The Impact of Hypoxemia on Nephropathy in Extremely Obese Patients with Type 2 Diabetes Mellitus
1School of Health and Population Sciences and Birmingham and Black Country NIHR CLAHRC, University of Birmingham, UK; 2Specialist Weight Management Services, Heart of England NHS Foundation Trust, Birmingham UK; 3Academic Department of Sleep and Ventilation, Heart of England NHS Foundation Trust, Birmingham, UK; 4Public Health, Epidemiology and Biostatistics, University of Birmingham, UK; 5Institute of Public Health, Social and Preventive Medicine, Mannheim Medical Faculty, Heidelberg University, Mannheim, Germany; 6Thoracic and Sleep Medicine Department, St Vincent's Hospital, Darlinghurst, Sydney, NSW, Australia; 7NHMRC Centre for Integrated Research and Understanding Sleep (CIRUS), Woolcock Institute of Medical Research, University of Sydney, Glebe, Sydney, NSW, Australia; 8Department of Medicine, Weill Cornell Medical College New York, and Doha, Qatar; 9Department of Medicine, King's College London, London, UK
Diabetes mellitus (DM) is associated with obstructive sleep apnea (OSA) and nephropathy. The hypoxemia associated with OSA may exacerbate renal deterioration in DM nephropathy. We examined the role of hypoxemia in the development of DM nephropathy in severely obese patients.
This cross-sectional study examined anonymized data from 90 DM patients with extreme obesity attending a weight management service. All patients underwent a routine overnight sleep study. Respiratory parameters measured included apnea-hypopnea index (AHI), mean and minimum oxygen (O2) saturations, and time spent under 90% O2 saturation (%TST < 90%). Chronic kidney disease (CKD+) was defined as estimated glomerular filtration rate (eGFR) ≤ 60 mL/min/1.73 m2.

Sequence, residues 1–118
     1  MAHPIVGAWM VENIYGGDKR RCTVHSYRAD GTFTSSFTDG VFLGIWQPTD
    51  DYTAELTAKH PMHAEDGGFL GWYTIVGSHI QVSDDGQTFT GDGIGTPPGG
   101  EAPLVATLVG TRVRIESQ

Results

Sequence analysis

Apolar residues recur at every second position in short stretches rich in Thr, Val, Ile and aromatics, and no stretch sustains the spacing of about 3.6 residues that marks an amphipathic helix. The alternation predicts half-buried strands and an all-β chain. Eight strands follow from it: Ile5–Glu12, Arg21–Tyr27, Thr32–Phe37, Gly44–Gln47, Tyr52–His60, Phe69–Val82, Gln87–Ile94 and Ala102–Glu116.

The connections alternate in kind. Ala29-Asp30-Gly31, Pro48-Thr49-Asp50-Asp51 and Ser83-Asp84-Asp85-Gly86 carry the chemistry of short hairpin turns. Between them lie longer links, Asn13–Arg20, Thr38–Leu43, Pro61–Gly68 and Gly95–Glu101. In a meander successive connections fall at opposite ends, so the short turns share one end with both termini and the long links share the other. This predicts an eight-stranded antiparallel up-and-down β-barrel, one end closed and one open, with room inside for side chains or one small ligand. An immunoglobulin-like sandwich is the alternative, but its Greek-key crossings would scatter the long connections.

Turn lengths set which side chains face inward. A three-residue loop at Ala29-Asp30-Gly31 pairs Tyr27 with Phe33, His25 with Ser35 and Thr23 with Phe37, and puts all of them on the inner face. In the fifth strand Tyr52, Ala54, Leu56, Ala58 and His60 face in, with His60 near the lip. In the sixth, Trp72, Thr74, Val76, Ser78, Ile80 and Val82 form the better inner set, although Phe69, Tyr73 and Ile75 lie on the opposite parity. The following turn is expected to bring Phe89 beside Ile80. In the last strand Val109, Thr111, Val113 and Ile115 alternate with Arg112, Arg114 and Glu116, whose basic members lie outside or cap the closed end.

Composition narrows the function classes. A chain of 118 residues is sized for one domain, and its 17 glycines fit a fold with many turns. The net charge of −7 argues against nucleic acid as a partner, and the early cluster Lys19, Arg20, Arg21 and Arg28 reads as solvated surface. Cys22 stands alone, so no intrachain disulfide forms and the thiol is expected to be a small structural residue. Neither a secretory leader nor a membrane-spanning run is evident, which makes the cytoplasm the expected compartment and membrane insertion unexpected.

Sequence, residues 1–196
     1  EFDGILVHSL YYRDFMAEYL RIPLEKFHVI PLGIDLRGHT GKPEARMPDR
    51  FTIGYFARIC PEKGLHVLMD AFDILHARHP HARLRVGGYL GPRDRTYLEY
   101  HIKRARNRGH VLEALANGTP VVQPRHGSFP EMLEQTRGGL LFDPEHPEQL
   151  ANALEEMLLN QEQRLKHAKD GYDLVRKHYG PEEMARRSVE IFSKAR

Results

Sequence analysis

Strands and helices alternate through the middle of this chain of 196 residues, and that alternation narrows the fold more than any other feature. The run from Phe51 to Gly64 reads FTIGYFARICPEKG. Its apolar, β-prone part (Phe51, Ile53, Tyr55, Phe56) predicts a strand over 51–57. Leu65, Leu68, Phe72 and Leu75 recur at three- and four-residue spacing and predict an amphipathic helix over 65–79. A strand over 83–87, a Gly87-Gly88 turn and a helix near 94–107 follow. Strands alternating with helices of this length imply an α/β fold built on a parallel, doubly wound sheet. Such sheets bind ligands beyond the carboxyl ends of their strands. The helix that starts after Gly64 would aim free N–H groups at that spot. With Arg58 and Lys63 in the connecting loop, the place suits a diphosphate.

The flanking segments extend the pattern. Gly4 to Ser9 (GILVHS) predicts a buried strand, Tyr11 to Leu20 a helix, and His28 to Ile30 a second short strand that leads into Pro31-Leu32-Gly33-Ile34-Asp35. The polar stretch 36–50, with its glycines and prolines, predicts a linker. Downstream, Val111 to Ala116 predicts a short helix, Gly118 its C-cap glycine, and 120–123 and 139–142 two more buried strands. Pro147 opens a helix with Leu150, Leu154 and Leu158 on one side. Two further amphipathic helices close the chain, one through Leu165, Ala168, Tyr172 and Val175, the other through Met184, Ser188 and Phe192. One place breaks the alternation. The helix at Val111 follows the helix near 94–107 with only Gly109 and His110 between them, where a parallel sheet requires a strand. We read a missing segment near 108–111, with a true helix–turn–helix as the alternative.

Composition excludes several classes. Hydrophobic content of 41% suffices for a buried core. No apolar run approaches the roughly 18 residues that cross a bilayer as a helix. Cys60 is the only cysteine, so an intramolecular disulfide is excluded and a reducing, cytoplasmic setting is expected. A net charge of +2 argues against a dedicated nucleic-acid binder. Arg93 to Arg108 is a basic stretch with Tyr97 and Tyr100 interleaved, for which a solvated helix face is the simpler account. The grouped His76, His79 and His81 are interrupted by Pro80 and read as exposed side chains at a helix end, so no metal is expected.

Twenty (22%) patients were CKD+. These patients were 7 years older (mean age ± SD 57 ± 11 years, p = 0.003) and had greater adiposity (mean body mass index [BMI] ± SD 50.6 ± 8.7 kg/m2, p = 0.012). No significant differences were found for median AHI and minimum O2 saturation. %TST < 90% was 4 times greater in CKD+ group (p = 0.046). Multivariate regression analysis showed that AHI (β = −0.17, 95% CI: −0.316 to −0.024) and %TST < 90% (β = −0.215, 95% CI: −0.406 to −0.023) were negatively correlated with eGFR after adjustment for age, gender, BMI, comorbidities, insulin treatment, and drugs affecting the renin-angiotensin system. No associations were found between mean and minimum O2 saturations, and eGFR.
Apnea and hypopnea events as well as duration of nocturnal hypoxemia were inversely associated with renal function after adjusting for potential confounders. Given the significant burden of renal disease in diabetes, greater vigilance is required in identifying OSA in DM patients with extreme obesity.
Leong WB, Nolen M, Thomas GN, Adab P, Banerjee D, Taheri S. The impact of hypoxemia on nephropathy in extremely obese patients with type 2 diabetes mellitus. J Clin Sleep Med 2014;10(7):773-778.
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